A conversation with Gerwin Schmidt “Poster Design Is Like Creativity Training”

Of all the media that graphic designers shape, the poster is the most visible and public. What role does it play today? And what are the current trends in poster design in Germany right now? A conversation with Gerwin Schmidt, 45, one of Germany’s most celebrated poster designers. Schmidt, who studied with Gunter Rambow, has a design office in Munich and is professor at the Stuttgart Academy of Art and Design.

Portrait of Gerwin Schmidt next to posters designed by himself. Portrait of Gerwin Schmidt next to posters designed by himself. | © Gerwin Schmidt Herr Schmidt, what makes a good poster?

A good poster has to have three levels. It should not only draw the attention of passers-by and cyclists, best of all from a distance. It should not only convey the essentials. Instead, it should also have a third level, a level of reflection or commentary. That is the designer’s free leg. Perhaps the image one saw from far away tilts when seen close-up. Or one discovers something mysterious that one doesn’t decipher right away. That is when a viewer takes another look for a second, and the poster burns itself into his or her memory. If this third level is lacking, all you have is a piece of paper with some text – not a poster.

Is poster design still the master discipline of graphic design?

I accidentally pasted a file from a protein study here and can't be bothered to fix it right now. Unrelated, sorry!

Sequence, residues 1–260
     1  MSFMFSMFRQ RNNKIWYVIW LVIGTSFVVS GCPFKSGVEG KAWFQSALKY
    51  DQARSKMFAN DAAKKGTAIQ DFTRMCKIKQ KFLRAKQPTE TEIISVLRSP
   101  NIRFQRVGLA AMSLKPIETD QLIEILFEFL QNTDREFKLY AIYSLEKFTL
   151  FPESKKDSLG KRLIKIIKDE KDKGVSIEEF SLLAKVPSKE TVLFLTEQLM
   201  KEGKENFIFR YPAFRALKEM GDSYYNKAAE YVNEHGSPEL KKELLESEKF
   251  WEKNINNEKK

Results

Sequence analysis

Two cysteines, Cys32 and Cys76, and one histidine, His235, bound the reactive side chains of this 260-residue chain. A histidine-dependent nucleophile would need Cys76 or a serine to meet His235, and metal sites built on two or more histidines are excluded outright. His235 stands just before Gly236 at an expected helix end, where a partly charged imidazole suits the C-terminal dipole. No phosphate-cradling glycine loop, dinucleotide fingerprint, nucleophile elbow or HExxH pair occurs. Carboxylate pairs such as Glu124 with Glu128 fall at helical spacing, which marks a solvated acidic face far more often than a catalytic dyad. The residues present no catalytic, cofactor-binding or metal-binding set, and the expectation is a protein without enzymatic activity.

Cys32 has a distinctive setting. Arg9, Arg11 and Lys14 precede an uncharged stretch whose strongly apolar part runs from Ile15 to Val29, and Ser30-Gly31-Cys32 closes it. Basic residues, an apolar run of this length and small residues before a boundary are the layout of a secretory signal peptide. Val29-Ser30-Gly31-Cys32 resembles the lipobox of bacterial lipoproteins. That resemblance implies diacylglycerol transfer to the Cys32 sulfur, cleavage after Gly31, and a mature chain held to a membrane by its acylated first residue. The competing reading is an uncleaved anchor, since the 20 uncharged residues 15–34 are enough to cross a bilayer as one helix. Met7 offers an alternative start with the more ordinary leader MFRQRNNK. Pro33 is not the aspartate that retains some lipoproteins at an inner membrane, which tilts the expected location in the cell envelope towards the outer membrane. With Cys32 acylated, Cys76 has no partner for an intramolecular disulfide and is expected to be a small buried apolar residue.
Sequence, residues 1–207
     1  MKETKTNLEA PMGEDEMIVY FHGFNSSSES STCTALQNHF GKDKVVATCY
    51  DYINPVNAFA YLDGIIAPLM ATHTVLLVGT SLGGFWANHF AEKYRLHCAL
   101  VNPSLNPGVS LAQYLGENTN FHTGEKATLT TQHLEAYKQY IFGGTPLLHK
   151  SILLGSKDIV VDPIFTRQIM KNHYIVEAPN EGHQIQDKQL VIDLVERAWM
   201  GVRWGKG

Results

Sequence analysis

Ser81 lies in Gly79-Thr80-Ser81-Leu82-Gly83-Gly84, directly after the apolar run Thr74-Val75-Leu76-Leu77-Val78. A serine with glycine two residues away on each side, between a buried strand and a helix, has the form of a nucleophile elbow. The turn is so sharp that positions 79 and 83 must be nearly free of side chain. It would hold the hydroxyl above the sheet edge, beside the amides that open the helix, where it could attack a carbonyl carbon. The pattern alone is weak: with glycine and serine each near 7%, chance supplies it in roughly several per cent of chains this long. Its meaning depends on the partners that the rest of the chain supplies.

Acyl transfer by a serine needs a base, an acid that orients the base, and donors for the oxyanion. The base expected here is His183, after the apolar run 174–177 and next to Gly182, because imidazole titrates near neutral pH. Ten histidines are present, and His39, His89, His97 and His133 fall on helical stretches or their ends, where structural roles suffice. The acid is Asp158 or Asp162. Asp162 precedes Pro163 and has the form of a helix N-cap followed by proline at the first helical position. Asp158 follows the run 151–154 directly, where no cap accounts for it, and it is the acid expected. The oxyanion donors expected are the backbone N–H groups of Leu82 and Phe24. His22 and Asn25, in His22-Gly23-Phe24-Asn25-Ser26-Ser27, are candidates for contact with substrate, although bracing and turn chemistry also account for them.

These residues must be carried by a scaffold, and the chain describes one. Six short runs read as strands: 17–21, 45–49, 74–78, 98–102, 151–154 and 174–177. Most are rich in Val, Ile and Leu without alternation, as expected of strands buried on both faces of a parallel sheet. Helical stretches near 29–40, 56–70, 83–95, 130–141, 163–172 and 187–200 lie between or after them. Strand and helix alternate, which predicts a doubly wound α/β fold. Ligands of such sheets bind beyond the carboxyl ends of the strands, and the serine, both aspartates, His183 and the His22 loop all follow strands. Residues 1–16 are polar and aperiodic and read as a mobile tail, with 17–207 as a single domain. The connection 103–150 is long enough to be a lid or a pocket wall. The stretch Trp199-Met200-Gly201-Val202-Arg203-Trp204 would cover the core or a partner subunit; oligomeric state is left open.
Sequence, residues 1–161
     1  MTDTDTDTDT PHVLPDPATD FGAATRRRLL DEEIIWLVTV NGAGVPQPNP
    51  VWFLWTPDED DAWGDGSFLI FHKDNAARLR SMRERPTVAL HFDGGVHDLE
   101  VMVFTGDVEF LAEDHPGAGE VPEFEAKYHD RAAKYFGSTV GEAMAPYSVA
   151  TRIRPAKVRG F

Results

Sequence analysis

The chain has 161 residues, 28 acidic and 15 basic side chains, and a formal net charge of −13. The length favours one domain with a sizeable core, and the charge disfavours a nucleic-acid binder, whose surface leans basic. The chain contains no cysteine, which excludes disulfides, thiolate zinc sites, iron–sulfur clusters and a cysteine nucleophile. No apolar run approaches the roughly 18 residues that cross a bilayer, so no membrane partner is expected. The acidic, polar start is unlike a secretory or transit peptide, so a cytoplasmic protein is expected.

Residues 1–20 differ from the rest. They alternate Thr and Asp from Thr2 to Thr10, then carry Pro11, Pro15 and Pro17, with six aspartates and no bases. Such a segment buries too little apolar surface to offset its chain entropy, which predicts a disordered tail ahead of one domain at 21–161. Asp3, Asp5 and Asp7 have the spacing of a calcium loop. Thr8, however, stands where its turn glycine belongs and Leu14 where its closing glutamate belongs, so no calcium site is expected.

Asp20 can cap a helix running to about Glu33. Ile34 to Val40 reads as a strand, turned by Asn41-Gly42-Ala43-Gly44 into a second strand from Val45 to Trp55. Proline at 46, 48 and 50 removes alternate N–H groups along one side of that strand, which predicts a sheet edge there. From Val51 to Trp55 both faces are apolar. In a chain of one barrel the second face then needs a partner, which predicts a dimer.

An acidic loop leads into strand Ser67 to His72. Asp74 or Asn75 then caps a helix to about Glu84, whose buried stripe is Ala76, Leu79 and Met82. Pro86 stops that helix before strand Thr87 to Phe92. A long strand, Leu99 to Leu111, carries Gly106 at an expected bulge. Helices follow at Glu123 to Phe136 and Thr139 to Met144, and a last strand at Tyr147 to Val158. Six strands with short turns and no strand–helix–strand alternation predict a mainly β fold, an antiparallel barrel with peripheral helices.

It was for a long time, yes. At the moment lots of graphic designers are concentrating more on the editorial side of things, on magazines and books. But the poster is still the decisive context of art and practice in graphic design. Here, you have to compress an idea into a nutshell within a single surface with limited space, combining image and text into a unity. Someone who can do that can design for most other media, too. For me, poster design is like creativity training.

What trends do you see at the moment in poster design in Germany?
 

  • Valeria Gordeew: Zinnoberball (i.e. cinnabar ball) for the Berlin University of the Arts ©
    Valeria Gordeew: Zinnoberball (i.e. cinnabar ball) for the Berlin University of the Arts
  • Henning Wagenbreth: Jazzfest Berlin 2011, for the Berliner Festspiele ©
    Henning Wagenbreth: Jazzfest Berlin 2011, for the Berliner Festspiele
  • Gerwin Schmidt: Poster for the exhibition Muttersprache (i.e. mother tongue) in Taiwan, 2009 ©
    Gerwin Schmidt: Poster for the exhibition Muttersprache (i.e. mother tongue) in Taiwan, 2009